Equine infectious anaemia (EIA), also known as swamp fever, is a viral disease that attacks the horse’s immune system. There is no cure and no vaccine for this viral infection, which is caused by a retrovirus closely related to the HIV virus in humans.
EIA is often fatal to horses but does not affect humans. Symptoms include a reoccurring fever and anaemia. However, horses can also carry the virus without displaying any clinical signs and once they have become carriers, they remain infectious for life. For this reason all infected animals must be humanely destroyed to control the spread of disease.
Blood-sucking insects, such as horse flies, are the most common transmitters of the virus. It can also be transmitted through the use of contaminated blood or blood products, instruments or needles. Pregnant mares may pass the disease to their foals in the womb.
EIA was first identified in France in 1843, and the last outbreak in England was in 1976. The virus is found worldwide and there was a serious outbreak in Ireland in 2006. It is a notifiable disease in the UK. If you suspect that your horse may be suffering from the disease you must immediately notify the duty vet in your local Animal Health Office (check on the Defra website or in the Yellow Pages for contact details).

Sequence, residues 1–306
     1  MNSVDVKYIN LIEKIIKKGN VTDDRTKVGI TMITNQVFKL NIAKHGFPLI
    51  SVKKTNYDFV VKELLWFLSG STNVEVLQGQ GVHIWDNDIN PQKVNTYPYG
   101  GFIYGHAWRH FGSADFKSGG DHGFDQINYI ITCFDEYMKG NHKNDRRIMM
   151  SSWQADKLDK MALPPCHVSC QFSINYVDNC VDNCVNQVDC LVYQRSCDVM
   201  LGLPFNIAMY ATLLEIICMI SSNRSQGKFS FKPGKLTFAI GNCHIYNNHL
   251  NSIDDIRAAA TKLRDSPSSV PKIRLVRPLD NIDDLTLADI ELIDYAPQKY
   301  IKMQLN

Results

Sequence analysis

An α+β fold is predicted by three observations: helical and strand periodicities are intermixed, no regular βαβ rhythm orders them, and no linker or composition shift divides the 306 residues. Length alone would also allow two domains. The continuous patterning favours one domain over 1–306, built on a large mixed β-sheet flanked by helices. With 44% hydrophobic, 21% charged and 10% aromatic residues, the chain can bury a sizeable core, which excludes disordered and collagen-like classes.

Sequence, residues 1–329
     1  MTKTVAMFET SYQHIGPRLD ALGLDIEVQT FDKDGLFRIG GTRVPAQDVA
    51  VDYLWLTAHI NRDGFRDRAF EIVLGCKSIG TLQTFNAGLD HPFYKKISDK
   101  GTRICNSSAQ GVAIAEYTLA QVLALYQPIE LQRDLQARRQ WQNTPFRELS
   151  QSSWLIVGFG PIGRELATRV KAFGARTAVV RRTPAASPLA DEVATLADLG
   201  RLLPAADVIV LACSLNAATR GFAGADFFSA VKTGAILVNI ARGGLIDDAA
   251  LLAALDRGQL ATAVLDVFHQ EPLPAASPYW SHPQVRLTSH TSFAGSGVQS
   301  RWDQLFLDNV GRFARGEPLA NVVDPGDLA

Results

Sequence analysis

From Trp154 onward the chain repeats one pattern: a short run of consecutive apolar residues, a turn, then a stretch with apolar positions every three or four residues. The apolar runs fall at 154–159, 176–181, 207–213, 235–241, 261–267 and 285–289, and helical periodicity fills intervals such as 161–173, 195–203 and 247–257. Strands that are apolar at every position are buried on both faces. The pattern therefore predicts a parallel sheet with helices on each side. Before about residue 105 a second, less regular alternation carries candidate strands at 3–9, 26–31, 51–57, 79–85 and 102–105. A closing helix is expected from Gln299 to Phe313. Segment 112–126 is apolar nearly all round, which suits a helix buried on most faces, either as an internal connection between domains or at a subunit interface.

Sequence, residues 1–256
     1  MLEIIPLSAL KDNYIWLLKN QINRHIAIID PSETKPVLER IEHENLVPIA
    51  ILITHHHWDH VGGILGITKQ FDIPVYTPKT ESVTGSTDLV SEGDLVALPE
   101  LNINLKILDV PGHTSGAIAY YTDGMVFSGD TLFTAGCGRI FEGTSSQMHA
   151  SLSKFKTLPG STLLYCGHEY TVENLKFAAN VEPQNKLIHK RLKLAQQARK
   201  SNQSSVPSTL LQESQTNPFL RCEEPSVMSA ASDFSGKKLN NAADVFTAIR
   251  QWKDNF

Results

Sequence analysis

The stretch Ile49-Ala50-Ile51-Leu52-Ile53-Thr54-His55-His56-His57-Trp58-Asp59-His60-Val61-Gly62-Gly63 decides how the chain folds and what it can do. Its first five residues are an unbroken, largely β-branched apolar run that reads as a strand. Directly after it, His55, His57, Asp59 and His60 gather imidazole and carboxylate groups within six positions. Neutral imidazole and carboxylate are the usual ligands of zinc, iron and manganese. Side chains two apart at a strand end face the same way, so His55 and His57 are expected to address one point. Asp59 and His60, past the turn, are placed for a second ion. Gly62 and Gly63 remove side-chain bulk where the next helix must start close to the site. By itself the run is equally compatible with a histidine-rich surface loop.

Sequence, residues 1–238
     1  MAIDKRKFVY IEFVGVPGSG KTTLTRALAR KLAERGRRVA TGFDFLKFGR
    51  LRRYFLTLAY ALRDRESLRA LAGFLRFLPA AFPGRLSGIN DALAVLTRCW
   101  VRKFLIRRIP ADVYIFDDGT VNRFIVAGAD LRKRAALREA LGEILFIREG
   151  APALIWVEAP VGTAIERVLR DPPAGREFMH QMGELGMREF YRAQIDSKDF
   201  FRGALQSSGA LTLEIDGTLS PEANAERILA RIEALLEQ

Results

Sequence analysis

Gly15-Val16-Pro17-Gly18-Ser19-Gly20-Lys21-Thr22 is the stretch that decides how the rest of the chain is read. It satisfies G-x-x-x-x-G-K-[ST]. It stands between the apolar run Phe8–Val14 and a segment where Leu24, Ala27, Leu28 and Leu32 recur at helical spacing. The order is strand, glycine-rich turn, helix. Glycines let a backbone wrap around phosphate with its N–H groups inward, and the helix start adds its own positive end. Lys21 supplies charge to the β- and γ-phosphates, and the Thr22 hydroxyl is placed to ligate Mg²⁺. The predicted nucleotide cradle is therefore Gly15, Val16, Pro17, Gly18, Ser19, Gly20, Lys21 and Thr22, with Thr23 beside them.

EIA is confirmed through a blood test called the Coggins test. If EIA is confirmed then Defra can order the destruction of the horse, regardless of the owner’s wishes. If the power to slaughter is invoked, the Animal Health Office will organise for the horse to be put down and for the carcass to be safely removed.
Horses that have been in contact with a horse that has tested positive for the infection will be kept under restrictions and tested until they are confirmed to not be carriers. Horses will not be culled just because they have been in contact with an infected horse.
For more information visit the Defra website